Tuesday, 16 July 2013


We weren't going to sort through all our worldly possessions before the move. God no, that would be such a waste of time. Or so we thought.

Four days, a purple toe and some painful lessons later I look out over my new garden, filled from hedge to hedge with furniture. Bookcases, tables and nondescript shelving units that we could have dealt with before we had them all loaded into a truck. But really, we should have chucked out most of the stuff years ago
It's a nice enough house, our new place in the Netherlands, but it isn't very big. Or, more to the point, we've become quite spoiled, living in some very nice houses and appartments abroad, courtesy of our expat status. The fact that all of our foreign living quarters came with spacious basements, meant that getting rid of surplus furniture never seemed all that urgent.
Panick strikes Wednesday afternoon, when shortly after inspecting the new house, the massive removal lorry turns into our street. It finally dawns on me that measuring your new space and trying to fit your existing furniture into that space, is something you need to do weeks, or - even better - months before you move.
As it turns out we are bent over the hastily sketched floor plans till well past our bed time. At long last husband W. declares it is all going to be just fine and he is going to go to bed. Within minutes a familiar snoring exudes the new master bedroom. I on the other hand, lay awake for hours and when I finally doze off I have the most disturbing dreams featuring loads of furniture and a merry-go-round.
After a quick peck on the cheek, W. goes off the work early the next morning, leaving me and my mother in law, who - unaware of impending disaster - has kindly offered her support, to deal with a couple of German speaking movers and precisely 273 boxes.
The first hour or so of carrying stuff into the new house is relatively uneventful as the movers work their way through piles of boxes filled with books, plates, bowls, glasses and kitchen utensils. Our bookshelves fit, that much I know, so as a result, the books will all find somewhere to live. And the kitchen, the lovely new kitchen, is way bigger than the little Swiss galley kitchen. Finally I can fill three cupboards with tupperware, without feeling the slightest bit exessive.
Just as I start to relax a little bit, the movers come rushing in with scores of boxes labeled with the ominous 'Keller' (basement). Since we don't have a basement in the new house, we designated one of the bedrooms as (permanent?) storage space, deliberately overlooking the fact that this room is half the size of our former Swiss basement.
When this room is filled to the brim, I have to change tactics. The garden shed, I decide, will make another fantastic storage space. I could even lock the door and throw away the key. I can't imagine that I will ever have the slightest urge to look inside boxes and boxes of stuff that has been breeding in our various basements for the past eight years.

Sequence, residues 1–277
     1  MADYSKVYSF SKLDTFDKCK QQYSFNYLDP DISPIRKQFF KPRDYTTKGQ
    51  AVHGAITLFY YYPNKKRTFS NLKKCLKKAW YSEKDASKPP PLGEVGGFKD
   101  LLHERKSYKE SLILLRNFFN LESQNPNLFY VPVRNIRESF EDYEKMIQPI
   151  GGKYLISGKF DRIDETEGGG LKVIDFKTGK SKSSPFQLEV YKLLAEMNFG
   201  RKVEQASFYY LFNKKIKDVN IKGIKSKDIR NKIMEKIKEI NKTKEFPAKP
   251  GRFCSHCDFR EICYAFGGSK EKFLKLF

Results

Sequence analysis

After the movers fill the shed, I send them two flights of very steep stairs up to a tiny bedroom in the attic. About ten boxes filled with fabric, pretty ribbons, buttons and other treasures find their way up there. I know I need to sort through my fabric stash and throw some of it away, but really life is too short to not give in to one or two addictions. Buying fabric is my addiction of choice. I am a bit of a magpie, what can I say?
By three in the afternoon, the constant decision making is taking it's toll. I can't think where the movers could possibly put down any more boxes, let alone two beds designed to go into guest rooms we no longer possess,  an old dining room table, four Ikea bookcases, six garden chairs, a coffee table, two carpets and an assortment of brightly coloured hat boxes that I haven't opened for the last three years. I let the men put it all down in the garden. Credit to them, they don't bat an eyelit.
Four days of absolutely glorious weather later (it must be the best summer since Napoleon invaded the Netherlands) and the furniture is still piled up high in the garden, spoiling the tiny, but once very pretty lawn. I have put all my cards on the local second hand furniture store who are despatching a few men and (hopefully a large) van. In order to tempt them to take my scruffy decade old Ikea furniture, I make husband W. carry most of the things back into the darkest part of the house. There I treat all the furniture with a bit of soapy water and/or a vacuum cleaner. It doesn't look half bad.
As I see it the second hand furniture shop assistants either take it, or we'll have to wait till New Year's eve when we can spray the stuff with petrol and strike a match or two.